Is it worth to switch from MyIsam to InnoDB for a Drupal 7 site that has 2000 visits per day? Would it be worth if it has 10000 visits in the future?

How much faster can a site become with InnoDB if it has mostly reads and not writes? And how much if it has a lot of writes in the database?

I'm asking all this because some articles I have read are negative about InnoDB, and opinions are split.

So, does the generally spoken statement "InnoDB is better always" reflect reality?

  • Drupal 7 uses innodb in default. – ram4nd Sep 29 '11 at 6:56
  • Imho, Innodb is nomore an option nowadays.. – Strae Sep 29 '11 at 7:36
  • This what I have also read in the past, but as I mention drupal 7 installed all my sites using myisam! Did they regret having innodb as default? But even if they have something as default, my question remains what is the best. The default options do not always mean they are they best. – john Sep 29 '11 at 7:57
  • What do you mean it's not an option anymore? – john Sep 29 '11 at 7:58
  • is InnoDB enabled on the server where Drupal 7 installed using MyIsam? that could be one of the reasons it did. – zerolab Sep 29 '11 at 8:31

The general rule of thumb was to use InnoDB to write intensive tables (due to its row locking nature) and MyISAM for the read-heavy loads. I have seen a few very busy sites fully on InnoDB running without any hiccups or drop in performance too.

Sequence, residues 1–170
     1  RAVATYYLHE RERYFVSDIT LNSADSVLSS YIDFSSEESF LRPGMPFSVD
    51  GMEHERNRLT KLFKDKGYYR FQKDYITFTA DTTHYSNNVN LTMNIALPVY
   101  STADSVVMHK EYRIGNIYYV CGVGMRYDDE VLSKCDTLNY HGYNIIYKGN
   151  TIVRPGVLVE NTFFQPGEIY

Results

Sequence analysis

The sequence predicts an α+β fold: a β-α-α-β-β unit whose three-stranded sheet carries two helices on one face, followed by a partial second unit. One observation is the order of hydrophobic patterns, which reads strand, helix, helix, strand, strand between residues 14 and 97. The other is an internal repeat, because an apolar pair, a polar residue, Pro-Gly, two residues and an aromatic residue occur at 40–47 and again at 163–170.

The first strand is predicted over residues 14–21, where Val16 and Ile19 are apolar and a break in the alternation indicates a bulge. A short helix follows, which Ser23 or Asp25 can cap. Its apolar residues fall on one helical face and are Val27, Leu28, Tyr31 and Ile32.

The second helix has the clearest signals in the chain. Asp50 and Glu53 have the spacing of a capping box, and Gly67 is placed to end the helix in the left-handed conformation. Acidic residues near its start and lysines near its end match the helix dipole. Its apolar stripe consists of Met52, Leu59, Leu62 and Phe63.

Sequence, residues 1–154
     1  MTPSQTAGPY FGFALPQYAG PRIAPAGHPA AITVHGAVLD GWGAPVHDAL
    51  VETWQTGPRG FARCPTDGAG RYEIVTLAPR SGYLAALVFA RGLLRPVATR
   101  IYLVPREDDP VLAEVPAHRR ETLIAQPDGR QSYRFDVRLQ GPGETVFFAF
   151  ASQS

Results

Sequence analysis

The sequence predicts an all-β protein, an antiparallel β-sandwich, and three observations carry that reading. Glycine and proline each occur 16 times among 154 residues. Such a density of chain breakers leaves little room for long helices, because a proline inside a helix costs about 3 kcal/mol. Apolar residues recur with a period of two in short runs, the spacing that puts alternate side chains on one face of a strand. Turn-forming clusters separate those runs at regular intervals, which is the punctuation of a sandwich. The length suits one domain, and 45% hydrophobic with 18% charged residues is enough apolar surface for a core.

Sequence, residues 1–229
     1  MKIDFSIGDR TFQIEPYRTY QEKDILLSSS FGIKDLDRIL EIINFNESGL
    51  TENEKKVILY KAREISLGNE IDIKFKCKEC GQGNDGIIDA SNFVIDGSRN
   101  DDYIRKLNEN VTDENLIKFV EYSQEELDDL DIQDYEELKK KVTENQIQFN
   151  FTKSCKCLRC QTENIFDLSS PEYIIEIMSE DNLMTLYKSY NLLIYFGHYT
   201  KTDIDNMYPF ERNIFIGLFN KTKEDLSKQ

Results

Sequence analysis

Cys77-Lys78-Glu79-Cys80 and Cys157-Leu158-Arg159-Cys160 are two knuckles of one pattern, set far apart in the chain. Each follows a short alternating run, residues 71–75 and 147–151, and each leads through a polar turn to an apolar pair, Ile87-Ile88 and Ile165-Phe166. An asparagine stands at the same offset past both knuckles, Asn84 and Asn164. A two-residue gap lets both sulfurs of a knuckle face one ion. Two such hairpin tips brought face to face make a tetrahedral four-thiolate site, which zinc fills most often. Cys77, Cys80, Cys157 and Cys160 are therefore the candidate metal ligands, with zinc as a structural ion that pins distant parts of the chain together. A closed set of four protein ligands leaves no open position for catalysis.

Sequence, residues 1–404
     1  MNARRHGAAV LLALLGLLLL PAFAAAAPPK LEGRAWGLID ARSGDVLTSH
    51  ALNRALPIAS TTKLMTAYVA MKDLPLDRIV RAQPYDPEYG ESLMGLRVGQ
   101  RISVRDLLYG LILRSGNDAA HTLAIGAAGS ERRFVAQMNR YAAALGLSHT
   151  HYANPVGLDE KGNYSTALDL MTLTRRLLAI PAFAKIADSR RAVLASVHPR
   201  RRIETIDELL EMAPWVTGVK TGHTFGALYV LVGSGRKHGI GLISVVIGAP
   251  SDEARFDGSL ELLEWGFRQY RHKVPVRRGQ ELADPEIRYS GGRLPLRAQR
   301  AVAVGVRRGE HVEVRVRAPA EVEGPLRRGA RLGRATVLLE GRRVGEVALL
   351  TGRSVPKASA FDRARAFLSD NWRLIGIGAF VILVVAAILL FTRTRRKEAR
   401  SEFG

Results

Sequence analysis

Drupal 7 defaults to InnoDB as the database abstraction layer has been rewritten and immensely improved.

You could look into MariaDB which is a drop-in replacement for MySQL, faster and has extra engines. There is also Percona, another high performance replacement. They both address some of the downsides of InnoDB.

The reason I am listing the alternatives is that Oracle made a few very suspicious moves and it may be that pretty soon we won't be able to use MySQL for free. (see http://arstechnica.com/business/news/2011/09/oracle-may-fork-itself-with-recent-mysql-moves.ars)

If bigger changes are not viable/possible, I'd recommend making a clone of the site using InnoDB and load test it using tools like Apache Benchmark, siege, New Relic

  • Is mariadb and percona fully compatible with drupal? Do any of these need that I change the way that I work etc> Are they compatible with all modules? Are there any web config tools like phpmyadmin? Will drush backup work? Thanks for your nice answer – john Sep 29 '11 at 14:38
  • 1
    On drupal.org/requirements#database MariaDB is one of the requirements. Also, drupal.org/node/861192#comment-3261836 has a pretty nice write-up of MariaDB. Haven't heard of any problems with Percona, but I'd do a bit more research. If it is all good, it will give you some boost which combined with apc, varnish can make your site fly (rbayliss.net/linode-drupal) – zerolab Sep 29 '11 at 16:05
  • I don't think that mixing the table types is a great idea. To make MySQL fast you need to dedicate RAM to the buffer pools and having to give RAM to both InnoDB and MyISAM won't let either one have the run of the park. – Stewart Robinson Oct 3 '11 at 18:55
  • I tend to agree with that, Stewart. Which is why I wrote "the rule of thumb was" - imho, people learnt these things the hard way, but luckily we are getting somewhere now :) – zerolab Oct 3 '11 at 19:53

Your Answer

By clicking “Post Your Answer”, you agree to our terms of service, privacy policy and cookie policy

Not the answer you're looking for? Browse other questions tagged or ask your own question.